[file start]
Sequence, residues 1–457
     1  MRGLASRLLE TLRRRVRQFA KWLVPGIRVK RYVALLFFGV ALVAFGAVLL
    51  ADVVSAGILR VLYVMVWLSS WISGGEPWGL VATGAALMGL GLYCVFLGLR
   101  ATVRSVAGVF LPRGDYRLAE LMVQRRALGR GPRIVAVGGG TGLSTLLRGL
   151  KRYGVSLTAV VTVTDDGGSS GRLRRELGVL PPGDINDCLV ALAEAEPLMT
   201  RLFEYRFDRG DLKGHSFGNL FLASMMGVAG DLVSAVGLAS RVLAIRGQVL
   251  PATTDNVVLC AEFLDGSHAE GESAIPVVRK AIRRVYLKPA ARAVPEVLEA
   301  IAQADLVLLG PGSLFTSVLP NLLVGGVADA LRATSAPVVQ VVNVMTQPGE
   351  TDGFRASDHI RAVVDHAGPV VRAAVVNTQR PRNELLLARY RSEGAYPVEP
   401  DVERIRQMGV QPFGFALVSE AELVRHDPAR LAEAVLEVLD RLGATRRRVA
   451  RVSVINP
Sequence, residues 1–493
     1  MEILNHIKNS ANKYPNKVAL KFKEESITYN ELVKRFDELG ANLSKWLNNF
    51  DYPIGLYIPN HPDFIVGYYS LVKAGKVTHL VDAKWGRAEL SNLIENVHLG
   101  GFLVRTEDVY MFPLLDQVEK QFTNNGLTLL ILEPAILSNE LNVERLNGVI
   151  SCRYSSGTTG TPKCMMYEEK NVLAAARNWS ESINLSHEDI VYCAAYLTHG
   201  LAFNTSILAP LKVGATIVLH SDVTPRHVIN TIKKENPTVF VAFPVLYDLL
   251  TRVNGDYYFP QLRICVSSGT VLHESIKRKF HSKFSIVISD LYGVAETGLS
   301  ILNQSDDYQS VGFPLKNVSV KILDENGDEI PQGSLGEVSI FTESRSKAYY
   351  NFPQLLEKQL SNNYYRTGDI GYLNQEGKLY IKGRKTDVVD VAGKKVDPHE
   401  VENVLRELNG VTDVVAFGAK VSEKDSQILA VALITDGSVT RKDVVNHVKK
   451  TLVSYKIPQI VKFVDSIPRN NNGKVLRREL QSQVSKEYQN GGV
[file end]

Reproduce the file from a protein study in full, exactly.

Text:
Sequence, residues 1–457
     1  MRGLASRLLE TLRRRVRQFA KWLVPGIRVK RYVALLFFGV ALVAFGAVLL
    51  ADVVSAGILR VLYVMVWLSS WISGGEPWGL VATGAALMGL GLYCVFLGLR
   101  ATVRSVAGVF LPRGDYRLAE LMVQRRALGR GPRIVAVGGG TGLSTLLRGL
   151  KRYGVSLTAV VTVTDDGGSS GRLRRELGVL PPGDINDCLV ALAEAEPLMT
   201  RLFEYRFDRG DLKGHSFGNL FLASMMGVAG DLVSAVGLAS RVLAIRGQVL
   251  PATTDNVVLC AEFLDGSHAE GESAIPVVRK AIRRVYLKPA ARAVPEVLEA
   301  IAQADLVLLG PGSLFTSVLP NLLVGGVADA LRATSAPVVQ VVNVMTQPGE
   351  TDGFRASDHI RAVVDHAGPV VRAAVVNTQR PRNELLLARY RSEGAYPVEP
   401  DVERIRQMGV QPFGFALVSE AELVRHDPAR LAEAVLEVLD RLGATRRRVA
   451  RVSVINP
Sequence, residues 1–493
     1  MEILNHIKNS ANKYPNKVAL KFKEESITYN ELVKRFDELG ANLSKWLNNF
    51  DYPIGLYIPN HPDFIVGYYS LVKAGKVTHL VDAKWGRAEL SNLIENVHLG
   101  GFLVRTEDVY MFPLLDQVEK QFTNNGLTLL ILEPAILSNE LNVERLNGVI
   151  SCRYSSGTTG TPKCMMYEEK NVLAAARNWS ESINLSHEDI VYCAAYLTHG
   201  LAFNTSILAP LKVGATIVLH SDVTPRHVIN TIKKENPTVF VAFPVLYDLL
   251  TRVNGDYYFP QLRICVSSGT VLHESIKRKF HSKFSIVISD LYGVAETGLS
   301  ILNQSDDYQS VGFPLKNVSV KILDENGDEI PQGSLGEVSI FTESRSKAYY
   351  NFPQLLEKQL SNNYYRTGDI GYLNQEGKLY IKGRKTDVVD VAGKKVDPHE
   401  VENVLRELNG VTDVVAFGAK VSEKDSQILA VALITDGSVT RKDVVNHVKK
   451  TLVSYKIPQI VKFVDSIPRN NNGKVLRREL QSQVSKEYQN GGV